Differential effects between NAc core and shell on learning have been observed using fast-scan cyclic voltammetry which may explain the contradictory findings from the two previous optogenetic studies. In fact, in one study cue-evoked dopamine release was larger and longer lasting in the NAc shell than in the core during goal-directed behavior for sucrose (Cacciapaglia et al., 2012). In two related studies, it was also found that concentrations of cue-evoked DA release closely tracked differences in reward magnitude in the NAc shell (Beyene et al., 2010) and reward delays in both NAc core and shell (Wanat et al., 2010). DA reward prediction error signals in the NAc core have also been reported using voltammetry (Hart et al., 2014). Here, using a probabilistic decision-making task, the authors found that dopamine concentrations varied systematically as differing degrees of reward uncertainty were introduced, in a manner closely resembling the predictions of reinforcement learning models and electrophysiological data of VTA DA neurons. Similarly, the observation that the DA phasic response to rewards gradually shifts to the earliest predictor of reinforcement over the course of learning as predicted by temporal difference models (Sutton and Barto, 1981) and validated by DA electrophysiological recordings, has been confirmed by voltammetric data (Sunsay and Rebec, 2008). These findings are important because changes in firing rates may not always reflect changes in DA release (Youngren et al., 1993), and these voltammetric data allow us to better establish the causal role of DA in reward learning.
Data from pharmacological manipulation of (mostly) dopamine D1 and D2 function in the striatum is another important component to take into account when trying to establish a causal link between neural activity and behavior. Dopamine depletion, for example, in the dorsomedial striatum results in reversal learning impairments (O'Neill and Brown, 2007). Moreover, in stimulant dependent individuals who display perseverative behaviors following an incorrect response during a reversal learning task, administration of a dopamine D2/3 antagonist reduced perseverative errors and improved caudate nucleus function (Ersche et al., 2011), and in separate study, administration of a D2 antagonist enhanced reward related prediction error signals in the striatum (Jocham et al., 2011). Conversely, stimulation of D2 (but not D1) receptors using the agonist quinpirole impaired goal-directed behavior and decision making (St Onge et al., 2011; Naneix et al., 2013) and broad inactivation of caudate nucleus cells disrupted the ability for flexible responses based on previous reward history (Muranishi et al., 2011). Interestingly, in monkeys, D2 receptor availability in the dorsal striatum was correlated with the number of reversal learning errors (Groman et al., 2011). Overall, these data suggest that abnormal increases/decreases in striatum DA activity via D1/D2 receptors causally influence several important measures of behavioral flexibility.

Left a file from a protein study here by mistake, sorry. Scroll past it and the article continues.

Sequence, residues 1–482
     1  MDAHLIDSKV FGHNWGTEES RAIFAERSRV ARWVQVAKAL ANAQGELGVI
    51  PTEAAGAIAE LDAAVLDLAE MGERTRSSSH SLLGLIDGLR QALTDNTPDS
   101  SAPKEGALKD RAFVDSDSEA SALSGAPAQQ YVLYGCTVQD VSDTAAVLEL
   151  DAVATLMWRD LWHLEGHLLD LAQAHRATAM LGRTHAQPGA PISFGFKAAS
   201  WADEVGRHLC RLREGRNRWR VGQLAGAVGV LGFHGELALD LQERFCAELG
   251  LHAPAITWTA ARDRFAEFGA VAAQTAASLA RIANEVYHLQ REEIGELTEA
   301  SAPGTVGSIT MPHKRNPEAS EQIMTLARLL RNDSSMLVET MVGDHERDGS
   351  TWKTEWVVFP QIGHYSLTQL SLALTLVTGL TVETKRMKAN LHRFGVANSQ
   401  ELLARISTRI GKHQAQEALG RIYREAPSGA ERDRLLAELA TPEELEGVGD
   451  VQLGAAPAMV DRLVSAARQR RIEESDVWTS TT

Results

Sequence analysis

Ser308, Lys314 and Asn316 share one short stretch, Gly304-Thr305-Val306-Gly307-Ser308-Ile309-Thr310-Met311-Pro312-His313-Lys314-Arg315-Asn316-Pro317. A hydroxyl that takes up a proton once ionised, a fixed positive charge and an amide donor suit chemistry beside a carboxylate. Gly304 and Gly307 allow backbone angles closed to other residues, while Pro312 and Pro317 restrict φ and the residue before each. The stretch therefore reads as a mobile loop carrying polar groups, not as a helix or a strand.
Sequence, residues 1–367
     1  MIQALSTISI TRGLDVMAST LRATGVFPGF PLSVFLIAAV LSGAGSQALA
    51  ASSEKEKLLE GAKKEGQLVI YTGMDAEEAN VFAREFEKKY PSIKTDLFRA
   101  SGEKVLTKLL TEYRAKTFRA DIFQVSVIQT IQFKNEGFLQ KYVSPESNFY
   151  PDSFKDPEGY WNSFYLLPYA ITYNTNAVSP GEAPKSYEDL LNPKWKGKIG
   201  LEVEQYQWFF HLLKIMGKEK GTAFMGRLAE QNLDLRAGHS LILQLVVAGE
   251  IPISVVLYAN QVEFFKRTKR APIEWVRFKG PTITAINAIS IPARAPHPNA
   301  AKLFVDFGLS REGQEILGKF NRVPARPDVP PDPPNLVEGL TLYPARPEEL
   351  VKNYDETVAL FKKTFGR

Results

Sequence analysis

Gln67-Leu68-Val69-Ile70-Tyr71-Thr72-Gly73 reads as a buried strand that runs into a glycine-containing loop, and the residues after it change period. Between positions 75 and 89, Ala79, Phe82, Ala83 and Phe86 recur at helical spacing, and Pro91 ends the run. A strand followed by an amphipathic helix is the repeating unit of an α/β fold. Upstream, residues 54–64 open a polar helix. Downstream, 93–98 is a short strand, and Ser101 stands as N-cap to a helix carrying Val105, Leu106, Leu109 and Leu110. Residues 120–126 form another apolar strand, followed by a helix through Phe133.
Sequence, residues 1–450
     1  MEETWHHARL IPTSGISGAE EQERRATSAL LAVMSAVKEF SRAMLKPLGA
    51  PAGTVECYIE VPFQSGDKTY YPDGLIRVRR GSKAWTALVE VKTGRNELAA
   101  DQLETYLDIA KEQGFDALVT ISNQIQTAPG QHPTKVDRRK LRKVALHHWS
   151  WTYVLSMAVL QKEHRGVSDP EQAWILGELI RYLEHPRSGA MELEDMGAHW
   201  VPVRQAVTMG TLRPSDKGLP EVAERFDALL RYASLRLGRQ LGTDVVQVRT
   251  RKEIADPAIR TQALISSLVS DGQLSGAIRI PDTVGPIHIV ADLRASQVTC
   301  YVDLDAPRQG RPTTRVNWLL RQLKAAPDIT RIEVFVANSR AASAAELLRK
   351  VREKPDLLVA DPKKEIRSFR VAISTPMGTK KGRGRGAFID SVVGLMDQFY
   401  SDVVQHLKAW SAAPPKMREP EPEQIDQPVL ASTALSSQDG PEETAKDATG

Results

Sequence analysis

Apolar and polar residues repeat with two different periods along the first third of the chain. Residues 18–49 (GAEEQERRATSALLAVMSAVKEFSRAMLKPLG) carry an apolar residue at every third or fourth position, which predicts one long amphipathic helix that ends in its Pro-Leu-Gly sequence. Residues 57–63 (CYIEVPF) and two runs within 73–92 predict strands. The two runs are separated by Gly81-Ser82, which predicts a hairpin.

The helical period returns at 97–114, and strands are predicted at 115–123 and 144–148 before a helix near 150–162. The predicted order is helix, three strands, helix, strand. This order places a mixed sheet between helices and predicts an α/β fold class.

Studies that have looked at increasing dopamine concentration have demonstrated that DA stimulation by injection of amphetamine in the NAc core or shell increased instrumental responding to a conditioned stimulus predictive of reward (Pecina and Berridge, 2013), and administration of the dopamine precursor L-DOPA in older adults restored reward prediction error signaling (Chowdhury et al., 2013).
In conclusion, increasing evidence from optogenetic, voltammetry, and pharmacological studies over the recent years have added a new dimension to the established but mostly correlation role between the midbrain DA neurons and reward learning. This evidence suggests that this phasic response may have a causal role not only in reward prediction error signaling, but also in driving flexible behavioral adaptations to changes in stimulus-reward contingencies.
Conflict of Interest Statement
The author declares that the research was conducted in the absence of any commercial or financial relationships that could be construed as a potential conflict of interest.
The author would like to thank E. M. Bowman for helpful input.
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Keywords: dopamine, reward prediction error, electrophysiology, errors, behavioral flexibility
Citation: Aquili L (2014) The causal role between phasic midbrain dopamine signals and learning. Front. Behav. Neurosci. 8:139. doi: 10.3389/fnbeh.2014.00139
Received: 13 January 2014; Accepted: 04 April 2014;
Published online: 25 April 2014.
Edited by:Angela Roberts, University of Cambridge, UK
Reviewed by:Roshan Cools, University of Cambridge, UK